In turn, Zardari won the presidency and the powers accumulated by the successive military rulers of the past remained with the president. Some of the sacked judges were reappointed, but not others known for their independence. Foreign aid and remittances from the Pakistani expatriates began to dry up as the worldwide economic crisis deepened. And American air raids on suspected Taleban and Al-Qaeda hideouts inside Pakistan’s lawless tribal belt, unknown in previous years, were launched with increasing frequency. Official protests against violations of Pakistan’ sovereignty became weaker. And the impression gathered that the government in Islamabad was helpless to deal effectively with challenges from insurgents and external powers alike.
Pakistan, India and Bush Policy Turn
While the crisis in Afghanistan and Pakistan worsened, a gradual shift occurred in America’s policy in South Asia towards India. Washington came to the view that India, not Pakistan, was the main bulwark against militancy. After some years of deliberation between the Bush administration and India, the White House pushed for India to be given an unprecedented exemption, so it could join the ‘nuclear club’. India had not signed the Non-Proliferation Treaty or the Comprehensive Test Ban Treaty and possessed nuclear weapons just as Israel did. After intense lobbying by the Bush administration, the 45-member Nuclear Suppliers’ Group in the end granted a ‘waiver’ to India. The decision cleared the way for India to buy nuclear components and fuel for use in its civilian power plants.
The International Atomic Energy Agency, the UN watchdog, and suppliers agreed to do nuclear business with India. In doing so, the West accepted the reality of the country’s nuclear arsenal. The move was part of the same strategic environment in which the great powers, America and Russia, as well as the emerging countries and regional players such as China, India and Pakistan, have to live. They are rivals, as well as allies. The long-term goal of each is to outdo the others economically and militarily. But they must cooperate in the short run as they pursue their objective.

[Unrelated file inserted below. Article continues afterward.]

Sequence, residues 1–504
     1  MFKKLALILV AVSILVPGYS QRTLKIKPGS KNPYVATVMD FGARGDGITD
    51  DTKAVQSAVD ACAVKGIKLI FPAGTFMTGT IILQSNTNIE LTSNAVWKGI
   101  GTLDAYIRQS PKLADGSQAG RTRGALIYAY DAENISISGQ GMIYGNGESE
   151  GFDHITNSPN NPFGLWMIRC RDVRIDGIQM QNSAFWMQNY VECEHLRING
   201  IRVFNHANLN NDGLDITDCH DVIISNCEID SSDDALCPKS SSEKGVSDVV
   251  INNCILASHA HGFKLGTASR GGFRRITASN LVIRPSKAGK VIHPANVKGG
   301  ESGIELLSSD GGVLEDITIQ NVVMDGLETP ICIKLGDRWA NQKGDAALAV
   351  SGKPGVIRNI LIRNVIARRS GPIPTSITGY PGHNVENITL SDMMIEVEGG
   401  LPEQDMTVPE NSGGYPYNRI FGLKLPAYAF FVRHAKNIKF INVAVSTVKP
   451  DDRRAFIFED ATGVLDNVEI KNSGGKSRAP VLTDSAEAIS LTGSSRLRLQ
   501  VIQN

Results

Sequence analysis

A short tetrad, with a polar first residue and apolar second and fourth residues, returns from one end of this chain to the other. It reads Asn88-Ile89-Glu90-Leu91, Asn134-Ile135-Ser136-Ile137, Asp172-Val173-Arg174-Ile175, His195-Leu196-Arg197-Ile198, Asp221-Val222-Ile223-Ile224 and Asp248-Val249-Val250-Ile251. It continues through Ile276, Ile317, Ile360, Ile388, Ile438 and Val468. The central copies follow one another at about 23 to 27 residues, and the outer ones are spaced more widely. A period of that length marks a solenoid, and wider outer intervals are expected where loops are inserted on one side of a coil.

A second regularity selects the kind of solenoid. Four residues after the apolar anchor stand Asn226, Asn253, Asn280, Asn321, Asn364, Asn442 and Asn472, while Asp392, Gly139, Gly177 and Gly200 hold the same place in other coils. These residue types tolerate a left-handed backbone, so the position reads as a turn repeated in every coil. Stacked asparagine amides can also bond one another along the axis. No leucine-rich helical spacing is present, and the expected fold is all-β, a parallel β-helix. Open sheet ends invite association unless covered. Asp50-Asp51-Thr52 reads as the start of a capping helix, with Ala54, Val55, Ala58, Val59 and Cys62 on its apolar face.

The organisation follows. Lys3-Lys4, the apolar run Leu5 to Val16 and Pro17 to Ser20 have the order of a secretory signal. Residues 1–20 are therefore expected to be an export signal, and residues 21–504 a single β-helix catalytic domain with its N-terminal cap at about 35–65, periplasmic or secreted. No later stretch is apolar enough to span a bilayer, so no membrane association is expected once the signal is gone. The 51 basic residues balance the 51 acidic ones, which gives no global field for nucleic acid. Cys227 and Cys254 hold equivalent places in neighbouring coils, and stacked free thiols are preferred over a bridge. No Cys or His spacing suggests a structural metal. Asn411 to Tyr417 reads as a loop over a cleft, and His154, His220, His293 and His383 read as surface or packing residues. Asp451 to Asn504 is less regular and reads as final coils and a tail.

America’s new approach towards India, a secure democracy, marked the end of the traditional preference in Washington for Pakistan during the Cold War and again in the last seven years since 9/11. But the rules of the game with India had to be different. The country has a strong democratic system; it is too large and independent to be dictated to; and it has a strong, rapidly growing economy. With disenchantment with its old ally, Pakistan, setting in, America’s interests had shifted. India had a capacity to act as a democratic bulwark against terrorism. It provided opportunities for trade. And, in the long run, it would serve as a counter to the growing military and economic power of China.
George W Bush paid his last visit as president to the Middle East in May 2008. It pleased some in Israel, but offended others, many among his Arab hosts in Saudi Arabia and Egypt. The reverberations were felt throughout the region and beyond. Whether it was by calculation, or due to sheer incompetence, I do not know. It certainly was not proper conduct by a visiting head of state. Nor was it going to help fight the fires in the most politically sensitive region on the planet. His optimism that ‘a comprehensive peace settlement in the Middle East is possible’ before the end of 2008 was shared by no one. And as he ran out of time, he was also running out of friends. Arabs were furious and depressed at how he conducted himself.
When a head of state visits a region where enemies live side by side and the visiting dignitary plans to see them all, it is time to be careful. It is wise not to go over the top in praise of one side if the visiting leader wants to influence the other and play a role in efforts to settle the crisis. But the speech by George W Bush in the Israeli Parliament in Jerusalem was inflammatory. There was not a pretence of impartiality when Bush told the world that ‘America was Israel’s closest ally’ and Israel was ‘a homeland for the chosen people’, without acknowledging the plight of the Palestinians. Barely able to restrain himself, the Palestinian Authority President, Mahmood Abbas, reminded Bush that 1948, the year of the establishment of Israel, was also a year of ‘catastrophe’ for the Palestinian people. Usual Arab courtesy was difficult to maintain. Abbas confronted Bush directly when they met and told him that he, as the US President, had to show balance.